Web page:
- On a personal note, they demonstrate that the idea in the paper Yuling, Aki, Andrew, and I wrote is good for telling when variational posteriors are bad, but the k-hat diagnostic being small does not necessarily mean that the variational posterior will be good. (And, tbh, that’s why we recommended polishing it with importance sampling)
- But that puts us in good company, because they show that neither the KL divergence that’s used in deriving the ELBO or the Renyi divergence is a particularly good measure of the quality of the solution.
- The first of these is not all that surprising. I think it’s been long acknowledged that the KL divergence used to derive variational posteriors is the wrong way around!
- I do love the Wasserstein distance (or as an extremely pissy footnote in my copy of Bogachev’s glorious two volume treatise on measure theory insists: the Kantorovich–Rubinstein metric). It’s so strong. I think it does CrossFit. (Side note: I saw a fabulous version of A Streetcar Named Desire in Toronto [Runs til Oct 27] last week and really it must be so much easier to find decent Stanleys since CrossFit became a thing.)
- The Hellinger distance is strong too and will also control the moments (under some conditions. See Lemma 6.3.7 of Andrew Stuart’s encyclopedia)
- Reading the paper sequentially, I get to Lemma 4.2 and think “ooh. that could be very loose”. And then I get excited about minimizing over in Theorem 4.3 because I contain multitudes.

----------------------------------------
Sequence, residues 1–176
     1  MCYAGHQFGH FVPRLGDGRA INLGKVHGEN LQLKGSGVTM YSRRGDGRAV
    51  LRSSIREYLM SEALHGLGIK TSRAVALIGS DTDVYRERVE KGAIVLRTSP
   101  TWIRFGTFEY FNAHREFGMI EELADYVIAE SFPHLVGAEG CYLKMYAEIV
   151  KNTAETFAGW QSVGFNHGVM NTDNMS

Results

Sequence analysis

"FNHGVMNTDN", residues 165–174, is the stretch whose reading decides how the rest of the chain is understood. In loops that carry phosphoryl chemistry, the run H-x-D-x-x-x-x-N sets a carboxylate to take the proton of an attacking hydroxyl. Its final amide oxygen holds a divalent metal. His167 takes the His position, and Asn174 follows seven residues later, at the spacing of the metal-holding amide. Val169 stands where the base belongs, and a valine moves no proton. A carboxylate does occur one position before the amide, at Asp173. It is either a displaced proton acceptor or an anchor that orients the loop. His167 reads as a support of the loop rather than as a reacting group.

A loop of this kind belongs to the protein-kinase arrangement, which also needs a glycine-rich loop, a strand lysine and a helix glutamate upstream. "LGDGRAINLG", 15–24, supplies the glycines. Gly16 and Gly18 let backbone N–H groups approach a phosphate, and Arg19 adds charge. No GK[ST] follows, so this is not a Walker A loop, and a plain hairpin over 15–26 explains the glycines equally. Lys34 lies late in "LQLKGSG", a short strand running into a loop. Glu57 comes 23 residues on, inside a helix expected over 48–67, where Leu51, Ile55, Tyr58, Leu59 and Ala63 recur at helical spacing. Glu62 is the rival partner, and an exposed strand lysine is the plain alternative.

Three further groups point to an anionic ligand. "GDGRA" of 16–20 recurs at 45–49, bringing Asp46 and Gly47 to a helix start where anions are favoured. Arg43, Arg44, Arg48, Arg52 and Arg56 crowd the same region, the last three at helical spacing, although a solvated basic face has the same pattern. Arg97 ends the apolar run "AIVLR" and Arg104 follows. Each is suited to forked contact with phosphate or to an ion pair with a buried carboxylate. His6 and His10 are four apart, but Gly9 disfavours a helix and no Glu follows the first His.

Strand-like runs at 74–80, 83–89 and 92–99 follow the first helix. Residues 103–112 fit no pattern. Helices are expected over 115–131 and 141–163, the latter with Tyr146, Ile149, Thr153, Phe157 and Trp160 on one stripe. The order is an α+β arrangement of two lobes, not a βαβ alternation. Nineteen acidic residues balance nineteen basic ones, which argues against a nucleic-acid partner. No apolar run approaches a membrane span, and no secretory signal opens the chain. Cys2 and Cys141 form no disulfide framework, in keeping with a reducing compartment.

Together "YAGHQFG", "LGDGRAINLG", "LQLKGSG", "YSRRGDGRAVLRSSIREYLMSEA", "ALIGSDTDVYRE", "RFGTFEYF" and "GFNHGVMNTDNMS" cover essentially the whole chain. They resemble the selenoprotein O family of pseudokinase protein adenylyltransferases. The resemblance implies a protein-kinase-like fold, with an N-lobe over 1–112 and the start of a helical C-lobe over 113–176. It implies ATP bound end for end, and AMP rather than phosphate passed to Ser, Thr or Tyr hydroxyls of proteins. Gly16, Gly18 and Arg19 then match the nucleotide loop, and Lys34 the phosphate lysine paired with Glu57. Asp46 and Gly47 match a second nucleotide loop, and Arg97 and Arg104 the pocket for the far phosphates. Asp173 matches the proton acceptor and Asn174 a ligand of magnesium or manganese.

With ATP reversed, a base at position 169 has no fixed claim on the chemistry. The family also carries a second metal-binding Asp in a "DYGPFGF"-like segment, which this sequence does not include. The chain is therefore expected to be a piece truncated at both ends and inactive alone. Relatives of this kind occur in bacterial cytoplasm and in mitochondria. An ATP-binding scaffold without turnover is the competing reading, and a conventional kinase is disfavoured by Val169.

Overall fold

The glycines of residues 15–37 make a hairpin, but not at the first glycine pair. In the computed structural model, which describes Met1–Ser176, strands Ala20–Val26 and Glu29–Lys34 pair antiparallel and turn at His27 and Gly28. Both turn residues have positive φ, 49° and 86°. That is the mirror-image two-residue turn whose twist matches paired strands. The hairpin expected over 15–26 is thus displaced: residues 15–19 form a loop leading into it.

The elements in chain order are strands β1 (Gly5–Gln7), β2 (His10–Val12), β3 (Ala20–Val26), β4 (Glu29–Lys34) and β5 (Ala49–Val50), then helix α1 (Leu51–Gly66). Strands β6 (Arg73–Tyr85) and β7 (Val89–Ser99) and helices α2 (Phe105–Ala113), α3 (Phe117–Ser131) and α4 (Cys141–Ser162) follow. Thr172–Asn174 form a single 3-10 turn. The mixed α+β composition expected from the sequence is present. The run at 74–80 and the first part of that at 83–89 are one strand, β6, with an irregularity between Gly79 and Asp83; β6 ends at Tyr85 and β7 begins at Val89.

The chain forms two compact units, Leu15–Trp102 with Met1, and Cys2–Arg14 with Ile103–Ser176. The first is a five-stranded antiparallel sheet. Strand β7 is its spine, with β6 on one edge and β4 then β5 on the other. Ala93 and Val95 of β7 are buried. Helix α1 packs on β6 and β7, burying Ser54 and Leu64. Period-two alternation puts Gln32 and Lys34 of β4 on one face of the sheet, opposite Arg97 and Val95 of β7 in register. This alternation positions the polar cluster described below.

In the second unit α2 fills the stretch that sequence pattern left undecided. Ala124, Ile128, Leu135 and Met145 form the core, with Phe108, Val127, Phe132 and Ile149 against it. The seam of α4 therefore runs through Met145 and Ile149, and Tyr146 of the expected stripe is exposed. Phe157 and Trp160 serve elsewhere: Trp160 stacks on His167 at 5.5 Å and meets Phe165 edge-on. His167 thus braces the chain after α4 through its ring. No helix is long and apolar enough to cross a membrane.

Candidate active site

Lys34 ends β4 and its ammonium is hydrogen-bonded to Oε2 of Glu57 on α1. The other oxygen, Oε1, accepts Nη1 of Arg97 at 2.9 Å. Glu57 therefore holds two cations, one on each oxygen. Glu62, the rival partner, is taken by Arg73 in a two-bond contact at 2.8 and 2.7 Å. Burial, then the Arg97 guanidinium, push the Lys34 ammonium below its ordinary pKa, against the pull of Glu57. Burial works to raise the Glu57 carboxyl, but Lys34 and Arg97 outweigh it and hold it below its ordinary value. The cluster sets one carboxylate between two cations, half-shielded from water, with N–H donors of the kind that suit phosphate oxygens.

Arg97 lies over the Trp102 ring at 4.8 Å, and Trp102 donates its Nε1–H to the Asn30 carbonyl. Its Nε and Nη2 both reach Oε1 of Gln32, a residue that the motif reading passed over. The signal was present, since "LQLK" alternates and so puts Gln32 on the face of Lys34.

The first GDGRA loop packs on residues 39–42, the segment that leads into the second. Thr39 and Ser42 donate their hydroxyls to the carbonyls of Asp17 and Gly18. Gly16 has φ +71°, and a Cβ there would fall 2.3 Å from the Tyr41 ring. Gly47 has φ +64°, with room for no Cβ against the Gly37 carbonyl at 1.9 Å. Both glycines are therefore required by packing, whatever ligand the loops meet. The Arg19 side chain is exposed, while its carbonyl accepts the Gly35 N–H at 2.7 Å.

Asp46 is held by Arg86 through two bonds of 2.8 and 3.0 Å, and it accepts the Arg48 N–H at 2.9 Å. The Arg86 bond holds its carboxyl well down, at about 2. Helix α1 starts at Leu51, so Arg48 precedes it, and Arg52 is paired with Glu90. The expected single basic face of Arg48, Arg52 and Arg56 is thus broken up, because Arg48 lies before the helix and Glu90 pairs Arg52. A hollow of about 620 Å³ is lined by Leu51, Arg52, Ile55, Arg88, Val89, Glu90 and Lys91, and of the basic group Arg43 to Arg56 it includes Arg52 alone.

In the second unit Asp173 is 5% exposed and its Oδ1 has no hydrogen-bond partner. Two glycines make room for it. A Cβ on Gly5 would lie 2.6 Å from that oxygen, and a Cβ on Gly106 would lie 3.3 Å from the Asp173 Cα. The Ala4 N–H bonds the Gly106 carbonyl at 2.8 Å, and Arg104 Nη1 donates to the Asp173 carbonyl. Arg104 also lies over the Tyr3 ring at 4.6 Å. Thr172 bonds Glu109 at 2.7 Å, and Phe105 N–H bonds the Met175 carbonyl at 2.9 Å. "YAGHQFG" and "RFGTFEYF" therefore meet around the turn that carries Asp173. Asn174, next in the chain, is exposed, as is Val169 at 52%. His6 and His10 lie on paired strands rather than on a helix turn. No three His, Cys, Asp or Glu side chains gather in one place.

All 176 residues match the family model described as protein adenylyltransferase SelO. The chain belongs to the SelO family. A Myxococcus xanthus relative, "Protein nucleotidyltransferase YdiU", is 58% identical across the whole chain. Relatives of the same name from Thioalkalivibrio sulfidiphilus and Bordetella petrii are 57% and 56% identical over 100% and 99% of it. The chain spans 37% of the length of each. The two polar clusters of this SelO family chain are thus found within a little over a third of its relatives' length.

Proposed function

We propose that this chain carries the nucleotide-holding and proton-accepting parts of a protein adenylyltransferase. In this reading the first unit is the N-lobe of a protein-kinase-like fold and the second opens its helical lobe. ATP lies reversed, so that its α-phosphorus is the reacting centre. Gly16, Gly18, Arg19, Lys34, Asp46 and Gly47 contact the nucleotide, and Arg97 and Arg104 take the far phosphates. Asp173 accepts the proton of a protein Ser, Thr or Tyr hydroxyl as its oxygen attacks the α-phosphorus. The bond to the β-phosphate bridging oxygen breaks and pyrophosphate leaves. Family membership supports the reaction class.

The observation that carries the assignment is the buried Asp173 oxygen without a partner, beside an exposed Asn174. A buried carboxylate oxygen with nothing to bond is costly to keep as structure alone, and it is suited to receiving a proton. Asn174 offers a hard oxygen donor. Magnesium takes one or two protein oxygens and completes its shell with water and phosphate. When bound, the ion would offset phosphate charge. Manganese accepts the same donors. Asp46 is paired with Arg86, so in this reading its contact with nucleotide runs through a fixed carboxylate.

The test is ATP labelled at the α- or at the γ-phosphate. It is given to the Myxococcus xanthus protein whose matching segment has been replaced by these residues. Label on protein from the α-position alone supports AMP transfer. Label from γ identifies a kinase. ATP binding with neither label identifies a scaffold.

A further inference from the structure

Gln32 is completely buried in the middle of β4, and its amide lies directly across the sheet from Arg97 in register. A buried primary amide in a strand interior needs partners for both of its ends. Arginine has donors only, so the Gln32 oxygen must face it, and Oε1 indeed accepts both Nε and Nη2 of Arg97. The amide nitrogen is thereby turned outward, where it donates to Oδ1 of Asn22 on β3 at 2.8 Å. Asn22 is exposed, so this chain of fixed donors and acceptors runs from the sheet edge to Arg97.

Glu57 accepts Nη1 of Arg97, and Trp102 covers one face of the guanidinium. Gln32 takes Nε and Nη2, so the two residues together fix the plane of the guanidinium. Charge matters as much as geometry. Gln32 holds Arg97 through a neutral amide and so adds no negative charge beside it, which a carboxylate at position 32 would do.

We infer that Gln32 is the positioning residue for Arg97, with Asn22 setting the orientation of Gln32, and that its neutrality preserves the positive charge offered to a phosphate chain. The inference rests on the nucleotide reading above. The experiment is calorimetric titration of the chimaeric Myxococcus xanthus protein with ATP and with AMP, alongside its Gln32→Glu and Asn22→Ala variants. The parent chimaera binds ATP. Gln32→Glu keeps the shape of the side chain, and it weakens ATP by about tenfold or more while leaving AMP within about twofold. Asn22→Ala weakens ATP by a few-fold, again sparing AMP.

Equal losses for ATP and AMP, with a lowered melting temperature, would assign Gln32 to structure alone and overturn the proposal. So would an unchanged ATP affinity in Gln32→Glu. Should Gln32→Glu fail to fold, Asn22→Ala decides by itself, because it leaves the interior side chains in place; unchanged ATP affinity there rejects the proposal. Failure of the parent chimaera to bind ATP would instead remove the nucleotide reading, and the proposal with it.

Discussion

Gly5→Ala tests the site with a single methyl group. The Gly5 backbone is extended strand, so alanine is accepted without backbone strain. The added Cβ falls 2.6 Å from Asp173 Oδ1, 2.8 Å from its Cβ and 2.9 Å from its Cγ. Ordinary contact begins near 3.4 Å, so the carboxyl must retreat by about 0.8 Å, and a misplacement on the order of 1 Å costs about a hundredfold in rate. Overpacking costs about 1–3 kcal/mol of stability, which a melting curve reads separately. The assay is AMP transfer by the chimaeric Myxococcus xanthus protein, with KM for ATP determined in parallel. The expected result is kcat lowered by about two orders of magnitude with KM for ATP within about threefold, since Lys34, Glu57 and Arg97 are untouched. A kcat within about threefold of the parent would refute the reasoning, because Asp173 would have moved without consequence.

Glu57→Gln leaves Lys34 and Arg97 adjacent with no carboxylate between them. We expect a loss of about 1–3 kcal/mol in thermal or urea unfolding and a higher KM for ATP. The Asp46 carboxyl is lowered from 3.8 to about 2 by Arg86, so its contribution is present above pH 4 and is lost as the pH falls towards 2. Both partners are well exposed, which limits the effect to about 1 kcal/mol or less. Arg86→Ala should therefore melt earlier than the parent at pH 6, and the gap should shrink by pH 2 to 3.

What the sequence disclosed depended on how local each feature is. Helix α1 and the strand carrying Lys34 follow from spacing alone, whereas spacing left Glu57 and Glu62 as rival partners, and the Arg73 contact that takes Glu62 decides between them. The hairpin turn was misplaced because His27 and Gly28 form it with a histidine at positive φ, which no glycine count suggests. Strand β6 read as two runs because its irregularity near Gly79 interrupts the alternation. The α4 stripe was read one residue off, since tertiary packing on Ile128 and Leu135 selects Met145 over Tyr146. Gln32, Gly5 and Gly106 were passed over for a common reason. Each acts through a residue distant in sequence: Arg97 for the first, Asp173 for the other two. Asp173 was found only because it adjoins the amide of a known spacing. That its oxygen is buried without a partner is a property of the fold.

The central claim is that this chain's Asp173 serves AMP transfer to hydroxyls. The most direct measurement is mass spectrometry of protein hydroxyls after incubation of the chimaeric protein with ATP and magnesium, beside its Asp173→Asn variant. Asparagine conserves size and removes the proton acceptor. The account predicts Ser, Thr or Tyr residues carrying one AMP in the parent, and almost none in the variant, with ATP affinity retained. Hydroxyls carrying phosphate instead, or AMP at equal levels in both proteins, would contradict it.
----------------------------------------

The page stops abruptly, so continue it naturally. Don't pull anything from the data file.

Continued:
- Maybe my one point of slight disagreement with this paper is where they agree with our paper. Because, as I said, I contain multitudes. They point out that it’s useful to polish VI estimates with importance sampling, but argue that they can compute their estimate of VI error instead of k-hat. I’d argue that you need to compute both because just like we didn’t show that small k-hat guarantees a good variational posterior, they don’t show that a good approximate upper bound on the Wasserstein distance guarantees that importance sampling will work. So ha! (In particular, Chatterjee and Diaconis argue very strongly, as does Mackay in his book, that the variance of an importance sampler being finite is somewhere near meaningless as a practical guarantee that an importance sampler actually works in moderate to high dimensions.)
- But that is nought but a minor quibble, because I completely and absolutely agree with the workflow for Variational Inference that they propose in Section 4.3.
- Let’s not kid ourselves here. The technical tools in this paper are really nice.
- There is not a single example I hate more than the 8 schools problem. It is the MNIST of hierarchical modelling. Here’s hoping it doesn’t have any special features that makes it a bad generic example of how things work!
- That said, it definitely shows that k-hat isn’t enough to guarantee good posterior behaviour.
Anyway. Here’s to more papers like this and to fewer examples of what the late, great David Berman referred to as “ceaseless feasts of schadenfreude“.